FORT DRUM The posts command will not formally discipline an enlisted soldier who flew a pair of American flags upside down in front of her Copenhagen home in what she told a neighbor was a protest against President Barack Obamas re-election.
However, the 10th Mountain Divisions public affairs officer said the soldiers actions could be reviewed at a later point.
The upside-down flags were flying in front of the home of Sgt. 1st Class Melissa L. Coss on the villages Main Street. She is a service member from Ohio who bought the house in 2006. She took down the flags Monday.
On Monday, her neighbor John H. Drewes told the Times that his wife visited Sgt. Coss about a week earlier after seeing the flags upside down and was told by Sgt. Coss that the display, done shortly after the Nov. 6 general election, was to protest President Obamas re-election.
Lt. Col. David A. Konop, division public affairs officer, said the soldier, whom he would not identify by name, rank or unit, was talked to by the chain of command, but would not say by which level of leadership. He noted the upside-down flags were taken down later that day.
The protest could have been answerable under the Uniform Code of Military Justice, primarily Article 134, which punishes speech and conduct that would affect good order and discipline or bring discredit upon the armed forces.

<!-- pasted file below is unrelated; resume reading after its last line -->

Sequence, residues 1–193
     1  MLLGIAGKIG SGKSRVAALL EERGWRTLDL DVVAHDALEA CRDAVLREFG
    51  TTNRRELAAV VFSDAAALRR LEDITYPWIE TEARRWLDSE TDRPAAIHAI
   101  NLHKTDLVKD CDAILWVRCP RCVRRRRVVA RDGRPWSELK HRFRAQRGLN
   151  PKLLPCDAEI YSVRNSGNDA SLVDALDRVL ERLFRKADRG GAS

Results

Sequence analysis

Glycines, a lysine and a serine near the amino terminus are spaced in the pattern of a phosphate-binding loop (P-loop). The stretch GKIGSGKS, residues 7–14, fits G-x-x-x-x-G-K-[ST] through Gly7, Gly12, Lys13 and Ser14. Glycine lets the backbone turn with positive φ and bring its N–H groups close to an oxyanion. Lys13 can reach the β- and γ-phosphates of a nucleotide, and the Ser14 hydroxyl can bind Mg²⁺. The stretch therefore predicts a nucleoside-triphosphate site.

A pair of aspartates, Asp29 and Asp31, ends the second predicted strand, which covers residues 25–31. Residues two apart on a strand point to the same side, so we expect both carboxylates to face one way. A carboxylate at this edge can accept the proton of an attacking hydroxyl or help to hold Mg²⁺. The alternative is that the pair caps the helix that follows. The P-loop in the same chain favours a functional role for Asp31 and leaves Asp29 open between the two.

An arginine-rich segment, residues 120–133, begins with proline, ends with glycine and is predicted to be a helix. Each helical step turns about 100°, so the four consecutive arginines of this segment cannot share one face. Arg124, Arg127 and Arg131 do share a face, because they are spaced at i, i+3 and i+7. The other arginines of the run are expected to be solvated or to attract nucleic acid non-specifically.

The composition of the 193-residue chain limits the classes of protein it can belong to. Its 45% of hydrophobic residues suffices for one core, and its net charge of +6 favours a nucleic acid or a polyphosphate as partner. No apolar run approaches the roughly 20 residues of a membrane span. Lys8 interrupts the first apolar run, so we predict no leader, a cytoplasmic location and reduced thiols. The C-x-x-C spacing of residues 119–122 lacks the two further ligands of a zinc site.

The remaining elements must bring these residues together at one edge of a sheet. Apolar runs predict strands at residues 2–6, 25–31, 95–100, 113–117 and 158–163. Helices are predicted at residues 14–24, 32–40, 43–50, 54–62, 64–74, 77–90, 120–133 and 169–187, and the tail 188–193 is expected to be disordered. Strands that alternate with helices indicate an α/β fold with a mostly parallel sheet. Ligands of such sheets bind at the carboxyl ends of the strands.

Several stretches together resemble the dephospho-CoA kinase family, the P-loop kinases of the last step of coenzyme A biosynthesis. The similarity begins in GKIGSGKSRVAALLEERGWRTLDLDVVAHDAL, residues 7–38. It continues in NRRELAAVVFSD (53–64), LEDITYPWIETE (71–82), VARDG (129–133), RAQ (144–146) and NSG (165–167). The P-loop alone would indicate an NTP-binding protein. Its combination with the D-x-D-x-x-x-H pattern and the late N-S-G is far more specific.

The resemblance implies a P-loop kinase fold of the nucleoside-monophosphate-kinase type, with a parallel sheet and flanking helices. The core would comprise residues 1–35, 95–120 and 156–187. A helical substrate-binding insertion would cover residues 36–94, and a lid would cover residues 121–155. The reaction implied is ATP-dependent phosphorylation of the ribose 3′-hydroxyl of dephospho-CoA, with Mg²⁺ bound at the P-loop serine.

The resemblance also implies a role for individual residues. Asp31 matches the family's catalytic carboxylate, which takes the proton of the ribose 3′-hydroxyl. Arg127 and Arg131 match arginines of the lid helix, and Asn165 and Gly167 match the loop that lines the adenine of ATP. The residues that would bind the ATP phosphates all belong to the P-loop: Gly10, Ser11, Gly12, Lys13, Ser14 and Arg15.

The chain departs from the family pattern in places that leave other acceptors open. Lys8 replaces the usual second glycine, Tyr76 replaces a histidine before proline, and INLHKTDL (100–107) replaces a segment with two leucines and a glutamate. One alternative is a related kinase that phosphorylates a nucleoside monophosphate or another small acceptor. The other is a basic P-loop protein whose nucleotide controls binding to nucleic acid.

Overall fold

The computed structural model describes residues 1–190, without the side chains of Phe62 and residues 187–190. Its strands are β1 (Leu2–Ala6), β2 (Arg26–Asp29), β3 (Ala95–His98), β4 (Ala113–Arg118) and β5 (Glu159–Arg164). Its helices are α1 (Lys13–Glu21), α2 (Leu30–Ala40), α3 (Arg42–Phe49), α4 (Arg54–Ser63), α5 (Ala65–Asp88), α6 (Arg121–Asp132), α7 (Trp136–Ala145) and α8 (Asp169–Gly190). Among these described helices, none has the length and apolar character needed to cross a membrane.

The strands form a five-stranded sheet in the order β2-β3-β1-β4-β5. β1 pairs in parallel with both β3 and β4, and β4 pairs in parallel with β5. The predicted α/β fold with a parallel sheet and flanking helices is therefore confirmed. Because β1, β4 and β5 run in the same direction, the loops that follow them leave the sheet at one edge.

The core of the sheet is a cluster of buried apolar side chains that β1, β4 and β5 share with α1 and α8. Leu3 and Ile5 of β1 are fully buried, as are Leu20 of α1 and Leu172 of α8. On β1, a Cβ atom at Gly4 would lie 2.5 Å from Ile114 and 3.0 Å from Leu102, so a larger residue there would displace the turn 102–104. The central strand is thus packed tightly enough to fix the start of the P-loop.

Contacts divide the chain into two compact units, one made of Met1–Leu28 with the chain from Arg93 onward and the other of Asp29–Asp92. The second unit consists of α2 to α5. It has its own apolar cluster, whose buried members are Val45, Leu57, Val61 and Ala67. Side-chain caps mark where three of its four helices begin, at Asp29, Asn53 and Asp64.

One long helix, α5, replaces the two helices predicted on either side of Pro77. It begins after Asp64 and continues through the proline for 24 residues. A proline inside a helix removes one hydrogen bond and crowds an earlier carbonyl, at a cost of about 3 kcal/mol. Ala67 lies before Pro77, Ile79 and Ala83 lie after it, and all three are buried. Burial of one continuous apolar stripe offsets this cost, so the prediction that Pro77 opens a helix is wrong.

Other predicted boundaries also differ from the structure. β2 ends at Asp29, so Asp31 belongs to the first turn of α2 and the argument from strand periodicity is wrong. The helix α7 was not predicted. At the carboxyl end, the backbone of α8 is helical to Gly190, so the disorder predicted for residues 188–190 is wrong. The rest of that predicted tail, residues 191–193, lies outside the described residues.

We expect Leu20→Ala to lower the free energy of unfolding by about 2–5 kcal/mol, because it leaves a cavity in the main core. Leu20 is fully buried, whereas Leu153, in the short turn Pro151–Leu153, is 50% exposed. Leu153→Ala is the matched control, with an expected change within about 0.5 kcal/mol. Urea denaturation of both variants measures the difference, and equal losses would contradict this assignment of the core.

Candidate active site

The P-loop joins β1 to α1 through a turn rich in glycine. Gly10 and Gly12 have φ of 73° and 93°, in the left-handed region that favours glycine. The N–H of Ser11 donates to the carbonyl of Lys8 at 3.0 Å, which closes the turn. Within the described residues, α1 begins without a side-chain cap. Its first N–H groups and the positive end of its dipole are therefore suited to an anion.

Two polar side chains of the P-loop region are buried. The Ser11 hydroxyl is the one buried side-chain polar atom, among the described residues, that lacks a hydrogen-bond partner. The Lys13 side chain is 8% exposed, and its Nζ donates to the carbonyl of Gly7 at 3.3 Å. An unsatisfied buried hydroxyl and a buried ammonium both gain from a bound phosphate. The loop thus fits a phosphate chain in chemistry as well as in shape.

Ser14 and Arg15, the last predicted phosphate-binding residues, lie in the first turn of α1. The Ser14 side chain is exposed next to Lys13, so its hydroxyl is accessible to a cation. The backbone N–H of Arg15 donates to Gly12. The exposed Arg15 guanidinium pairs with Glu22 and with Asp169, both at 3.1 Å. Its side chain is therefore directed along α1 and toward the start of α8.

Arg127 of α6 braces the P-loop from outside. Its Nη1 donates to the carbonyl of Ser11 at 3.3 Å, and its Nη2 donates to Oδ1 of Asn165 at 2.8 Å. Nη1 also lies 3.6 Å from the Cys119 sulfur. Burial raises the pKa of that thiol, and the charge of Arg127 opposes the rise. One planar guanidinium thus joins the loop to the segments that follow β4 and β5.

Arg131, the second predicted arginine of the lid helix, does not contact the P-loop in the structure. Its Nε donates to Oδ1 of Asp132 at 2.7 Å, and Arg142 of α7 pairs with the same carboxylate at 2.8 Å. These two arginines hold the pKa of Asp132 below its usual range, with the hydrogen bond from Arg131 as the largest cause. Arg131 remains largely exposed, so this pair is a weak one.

The soldiers do have the right of freedom of speech and freedom of expression, Col. Konop said. We do have those rights, but if the rights cross the line, then you have the article.
As an enlisted soldier, her actions would not fall under the militarys Article 88, which stipulates that officers who use contemptuous words against prominent federal and state officials, including the president, vice president and Congress, could face court-martial.
Flying a flag upside down is considered a sign of distress, and Section 176 of Chapter 10, Title 36 in the U.S. Code of Laws, referred to as the U.S. Flag Code, says the flag should be flown upside down only in instances of extreme danger to life or property. However, the federal law does not carry punishments, and the state does not have any laws applicable to the situation.
An article in the June 16, 2011, edition of the Fort Drum Mountaineer listed Sgt. Coss in the divisions Headquarters and Headquarters Battalion. Several attempts over three days to reach Sgt. Coss through a phone number listed to her name were unsuccessful.